It all starts with LTC Rolt’s book Narrow Boat written during the outbreak of World War II and published in 1944. Tom Rolt’s account of his and his wife’s four-month voyage on the Oxford, Grand Union and Trent & Mersey canals was the seed that eventually grew into the canal renaissance we now enjoy. The book was a last look at the canals that had fallen into disrepair and is a lament on the world that was lost, but its nostalgia helped create the Inland Waterways Association.
Your single most invaluable resource for many canals is a Pearson’s Canal Companion. These small booklets are a travelogue for your journey with a clear opinion of what others would consider progress (“Tesco have breezed into town, but personally we will still beat a path to Vermeulen’s delicatessen …”). The maps indicate towpath quality, laundries, moorings (private, prohibited, public), bridges, fish and chip shops, post offices, winding holes, locks, waterpoints, showers, pump outs and much more. You’ll have descriptions of towns and restaurants that are a little arch, like “Bray: Smug gastronomic cornucopia famous for its 17th Century vicar and his weathercock attitude to politics and religion.”
Despite the attitude (or perhaps because of it), you’ll enjoy the companion, although the maps can take a bit of getting used to. The maps don’t necessarily progress in the direction you’re traveling and each map is usually positioned to the landscape orientation of the book, meaning north is rarely up. The Pearson’s guides are available on Amazon.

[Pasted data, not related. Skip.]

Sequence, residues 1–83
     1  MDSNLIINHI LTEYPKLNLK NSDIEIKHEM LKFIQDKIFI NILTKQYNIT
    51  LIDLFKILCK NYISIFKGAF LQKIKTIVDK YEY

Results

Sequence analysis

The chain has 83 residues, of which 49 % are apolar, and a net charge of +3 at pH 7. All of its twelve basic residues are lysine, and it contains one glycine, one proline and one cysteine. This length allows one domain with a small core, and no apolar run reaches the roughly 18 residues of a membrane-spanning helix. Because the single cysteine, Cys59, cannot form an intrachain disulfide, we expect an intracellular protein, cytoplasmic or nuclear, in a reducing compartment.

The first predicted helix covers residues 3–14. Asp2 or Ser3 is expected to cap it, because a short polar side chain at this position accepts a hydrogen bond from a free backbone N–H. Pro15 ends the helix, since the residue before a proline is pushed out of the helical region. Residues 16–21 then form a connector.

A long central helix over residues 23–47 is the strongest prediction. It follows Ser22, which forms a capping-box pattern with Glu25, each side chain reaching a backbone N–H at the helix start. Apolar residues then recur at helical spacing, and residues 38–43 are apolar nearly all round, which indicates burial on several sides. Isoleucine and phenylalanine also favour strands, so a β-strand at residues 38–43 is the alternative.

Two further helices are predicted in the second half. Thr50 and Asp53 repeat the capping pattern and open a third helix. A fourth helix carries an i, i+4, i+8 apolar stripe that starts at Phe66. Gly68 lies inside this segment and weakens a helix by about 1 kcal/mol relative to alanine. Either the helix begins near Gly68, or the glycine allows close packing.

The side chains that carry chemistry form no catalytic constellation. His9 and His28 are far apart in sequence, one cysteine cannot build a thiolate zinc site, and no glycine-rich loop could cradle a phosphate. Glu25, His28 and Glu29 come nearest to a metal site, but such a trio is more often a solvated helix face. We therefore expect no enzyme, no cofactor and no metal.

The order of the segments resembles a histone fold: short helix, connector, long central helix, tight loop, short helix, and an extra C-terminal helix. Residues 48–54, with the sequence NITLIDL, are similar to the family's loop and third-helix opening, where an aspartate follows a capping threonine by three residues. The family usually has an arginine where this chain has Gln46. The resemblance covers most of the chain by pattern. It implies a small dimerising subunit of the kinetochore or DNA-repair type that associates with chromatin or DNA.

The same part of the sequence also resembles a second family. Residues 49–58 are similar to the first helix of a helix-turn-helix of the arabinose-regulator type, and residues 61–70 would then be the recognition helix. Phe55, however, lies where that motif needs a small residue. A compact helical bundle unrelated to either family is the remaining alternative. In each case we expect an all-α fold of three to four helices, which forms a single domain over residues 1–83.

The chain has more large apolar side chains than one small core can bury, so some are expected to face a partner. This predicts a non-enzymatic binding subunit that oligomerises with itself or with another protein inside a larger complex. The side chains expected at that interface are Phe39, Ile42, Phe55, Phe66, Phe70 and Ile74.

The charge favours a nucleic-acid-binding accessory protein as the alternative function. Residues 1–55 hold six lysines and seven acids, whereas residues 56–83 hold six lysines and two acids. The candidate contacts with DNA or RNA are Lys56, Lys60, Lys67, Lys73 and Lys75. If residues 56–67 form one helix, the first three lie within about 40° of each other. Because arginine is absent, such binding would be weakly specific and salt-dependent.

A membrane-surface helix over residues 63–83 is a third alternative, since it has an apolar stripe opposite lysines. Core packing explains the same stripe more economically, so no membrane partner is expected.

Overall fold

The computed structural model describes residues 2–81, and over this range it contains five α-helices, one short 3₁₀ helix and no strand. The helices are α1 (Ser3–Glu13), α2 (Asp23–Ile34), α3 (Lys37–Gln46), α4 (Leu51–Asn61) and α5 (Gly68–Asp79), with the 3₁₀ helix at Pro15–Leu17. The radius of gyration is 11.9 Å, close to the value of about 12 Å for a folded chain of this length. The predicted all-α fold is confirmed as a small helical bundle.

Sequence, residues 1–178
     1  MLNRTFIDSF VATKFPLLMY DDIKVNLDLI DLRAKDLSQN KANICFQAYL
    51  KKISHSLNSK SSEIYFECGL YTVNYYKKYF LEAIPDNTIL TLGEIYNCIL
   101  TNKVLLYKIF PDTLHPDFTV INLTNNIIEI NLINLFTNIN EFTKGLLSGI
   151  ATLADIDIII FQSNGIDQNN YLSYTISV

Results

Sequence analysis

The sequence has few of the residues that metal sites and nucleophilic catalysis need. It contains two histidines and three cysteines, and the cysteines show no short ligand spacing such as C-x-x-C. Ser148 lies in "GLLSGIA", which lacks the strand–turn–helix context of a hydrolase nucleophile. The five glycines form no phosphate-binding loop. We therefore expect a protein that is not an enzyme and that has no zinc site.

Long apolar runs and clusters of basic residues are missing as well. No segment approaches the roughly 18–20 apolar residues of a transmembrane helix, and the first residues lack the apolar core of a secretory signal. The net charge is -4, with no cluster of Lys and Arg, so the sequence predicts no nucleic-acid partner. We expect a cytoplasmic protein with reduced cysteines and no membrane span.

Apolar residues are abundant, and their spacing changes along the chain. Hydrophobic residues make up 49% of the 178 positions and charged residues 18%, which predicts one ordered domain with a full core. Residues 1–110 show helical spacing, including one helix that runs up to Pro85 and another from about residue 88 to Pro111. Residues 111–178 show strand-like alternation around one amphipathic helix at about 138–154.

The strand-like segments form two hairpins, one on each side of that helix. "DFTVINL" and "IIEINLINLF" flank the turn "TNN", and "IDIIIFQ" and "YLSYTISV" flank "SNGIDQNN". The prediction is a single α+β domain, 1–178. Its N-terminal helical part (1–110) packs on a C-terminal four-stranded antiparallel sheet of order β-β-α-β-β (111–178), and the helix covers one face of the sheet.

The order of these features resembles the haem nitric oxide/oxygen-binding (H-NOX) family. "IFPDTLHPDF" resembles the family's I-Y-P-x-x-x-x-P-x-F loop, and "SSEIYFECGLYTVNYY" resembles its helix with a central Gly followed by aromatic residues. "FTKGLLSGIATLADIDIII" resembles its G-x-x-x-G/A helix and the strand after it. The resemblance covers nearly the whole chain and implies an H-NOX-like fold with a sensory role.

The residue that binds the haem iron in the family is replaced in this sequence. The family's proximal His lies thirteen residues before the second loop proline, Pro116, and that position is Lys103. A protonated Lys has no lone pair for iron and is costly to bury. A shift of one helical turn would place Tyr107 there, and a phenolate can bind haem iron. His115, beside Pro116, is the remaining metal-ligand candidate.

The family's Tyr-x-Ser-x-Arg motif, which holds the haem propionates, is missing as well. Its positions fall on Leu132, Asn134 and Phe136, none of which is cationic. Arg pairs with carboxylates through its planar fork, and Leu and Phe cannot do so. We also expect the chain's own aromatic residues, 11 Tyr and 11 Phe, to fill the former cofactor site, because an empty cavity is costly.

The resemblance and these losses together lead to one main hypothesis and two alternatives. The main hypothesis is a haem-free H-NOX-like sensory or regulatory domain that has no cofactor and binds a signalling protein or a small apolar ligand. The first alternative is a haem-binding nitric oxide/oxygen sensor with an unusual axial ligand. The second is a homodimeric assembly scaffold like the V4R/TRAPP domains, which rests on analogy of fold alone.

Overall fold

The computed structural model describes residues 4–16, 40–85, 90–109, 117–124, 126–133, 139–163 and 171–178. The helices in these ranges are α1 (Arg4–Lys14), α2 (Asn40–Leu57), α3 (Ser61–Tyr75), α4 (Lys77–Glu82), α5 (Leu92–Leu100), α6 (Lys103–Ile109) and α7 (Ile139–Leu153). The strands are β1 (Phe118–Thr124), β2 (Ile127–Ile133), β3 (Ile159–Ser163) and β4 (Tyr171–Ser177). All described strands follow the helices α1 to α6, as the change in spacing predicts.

Another resource is the Collins/Nicholson Waterways Guides and Waterways Map of Great Britain. These are closer to actual maps and you can find them on Amazon. They make a good companion to the Pearson’s Canal Companion.
I’m currently reading Derek Pratt’s Great Waterways Journeys: 20 Glorious Routes Circling England, By Canal and River. It’s a great guide when planning your next ring route. There are many great pictures and I especially like the maps on the inside covers and the fold-over flaps.
Within a couple of weeks, I should also be receiving Canals: The Making of a Nation by Liz McIvor, which is the companion book to the BBC series of the same name and which I believe will be a look at the history of the canals. I had to order it from Amazon UK because the American edition won’t be ready until summer 2016. I really hope the DVD will either be available on YouTube or to purchase.
(Just an update on this; the episodes of Canals: The Making of a Nation are available on YouTube but are nearly unwatchable, being only a quarter size with a murky overlay and muffled audio. Worse, you can’t even buy the series from the BBC store.)
Barging Round Britain, on the other hand, is an ITV series with journalist and TV presenter John Sergeant. The companion book is written by David Bartley. Sergeant is a fun character and the episodes are very short and with some luck, you might find them on YouTube. The books seems to be much more in-depth.
is a free waterway-related newspaper that you can find at marinas, tourist bureaus or canal trust visitor centers, or you can subscribe to have it delivered or you can read it free online.